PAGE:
A late entry for Valentine’s Day, Nicholas Humphries’s “The One That Got Away” tackles unrequited love and nostalgia in some fresh and unexpected ways. Much of the reason this film works is due to Shane Kolmansberger’s portrayal of the puppy dog romantic protagonist who is searching for someone who will last more than a night. Without this simple, relatable, romantic desire, we might not otherwise stay with what becomes a challenging protagonist.
Humphries’s films are intent on feeling, but not in subtle ways. Linda Williams in her essay “Film Bodies: Gender, Genre, Excess” calls these bodily or “gross” genres as they are concerned with excess physical experiences. What becomes particularly fascinating in “The One That Got Away” and Humphries’s other works is how he brings about collisions, jamming together genres and physical experiences.
To avoid spoiling your experience of the film, watch it first and then read the interview with Humphries below.
RWG: What inspired the idea for the short?
NH: My own relationships (or at least the search for them).
RWG: For you, what is the work about?
NH: For me it’s about how lonely being different can feel but how that makes it so special when you finally find someone that gets you.
RWG: How did the film do? How did audiences respond?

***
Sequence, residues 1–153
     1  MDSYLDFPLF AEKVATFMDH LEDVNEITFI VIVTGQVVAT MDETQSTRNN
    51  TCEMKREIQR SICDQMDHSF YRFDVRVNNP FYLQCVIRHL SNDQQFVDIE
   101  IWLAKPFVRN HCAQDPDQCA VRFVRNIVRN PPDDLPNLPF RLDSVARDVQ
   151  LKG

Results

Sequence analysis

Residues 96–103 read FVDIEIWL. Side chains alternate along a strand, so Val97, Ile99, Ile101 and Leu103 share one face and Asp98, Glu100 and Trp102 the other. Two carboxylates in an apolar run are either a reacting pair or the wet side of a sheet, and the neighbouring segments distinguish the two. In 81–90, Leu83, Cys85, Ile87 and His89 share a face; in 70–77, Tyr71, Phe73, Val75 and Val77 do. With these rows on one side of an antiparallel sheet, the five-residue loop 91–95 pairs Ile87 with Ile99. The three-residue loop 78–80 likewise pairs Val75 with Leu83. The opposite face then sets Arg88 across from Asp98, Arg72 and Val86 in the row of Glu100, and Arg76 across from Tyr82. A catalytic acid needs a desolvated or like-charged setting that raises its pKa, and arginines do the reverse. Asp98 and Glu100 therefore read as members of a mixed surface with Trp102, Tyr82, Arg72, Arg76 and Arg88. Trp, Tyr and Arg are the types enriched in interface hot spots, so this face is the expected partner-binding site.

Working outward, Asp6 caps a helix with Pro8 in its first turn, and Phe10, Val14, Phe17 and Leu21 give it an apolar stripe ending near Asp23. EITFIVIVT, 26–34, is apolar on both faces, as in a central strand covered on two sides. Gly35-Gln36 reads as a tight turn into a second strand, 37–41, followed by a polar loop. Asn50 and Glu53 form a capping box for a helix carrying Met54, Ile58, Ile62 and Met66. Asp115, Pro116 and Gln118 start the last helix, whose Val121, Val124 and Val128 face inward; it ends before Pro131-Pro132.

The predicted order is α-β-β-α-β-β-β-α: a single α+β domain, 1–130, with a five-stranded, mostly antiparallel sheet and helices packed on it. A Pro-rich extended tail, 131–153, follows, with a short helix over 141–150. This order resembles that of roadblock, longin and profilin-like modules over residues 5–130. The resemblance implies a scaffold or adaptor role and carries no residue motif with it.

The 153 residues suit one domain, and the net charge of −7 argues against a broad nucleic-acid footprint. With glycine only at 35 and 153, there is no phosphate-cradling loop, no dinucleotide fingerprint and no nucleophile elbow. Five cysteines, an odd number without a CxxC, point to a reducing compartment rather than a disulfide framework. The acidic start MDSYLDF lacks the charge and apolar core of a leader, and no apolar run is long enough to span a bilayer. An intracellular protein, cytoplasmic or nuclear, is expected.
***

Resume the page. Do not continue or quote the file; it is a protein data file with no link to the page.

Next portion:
NH: When it screened at a film festival in Hollywood there was a woman shouting at the girls on screen. Things like, “Don’t go with him! Don’t do it!” To the audience it was distracting but her enthusiasm was the greatest gift. It also won a Tabloid Witch. They called it “Woody Allen with a touch of Norman Bates.” For my first short as a writer / director, it was a huge honor.
RWG: Several of your shorts are dark romances? Do you see a through line in your work?
NH: Horror and romance I think are just the two things that make me feel the most when I’m watching a movie so I guess they pop up in my work a lot. They also both create exciting emotions we don’t get to feel every day.
RWG: Do you think the horror and romance genres have things in common?
NH: I think they both evoke addictive emotions. Also, desire is kind of a horrible thing to feel. The very nature of desire requires there be an obstacle in the way of getting what you need. It’s painful to have to sustain long term.
RWG: What are you working on now?
NH: I’m currently in post-production on my first feature. It’s about a couple that head to a cabin in the woods with their pals for a party before they get married. Only one in the group survives. Horror and romance again, I guess. You can find out more at deathdouspartmovie.com
RWG: How do you feel about the film now?
NH: I’ve gone on to direct some larger things but as this was my first (and such a personal story) I think it will always hold a weird and special place in my heart.
— R. W. Gray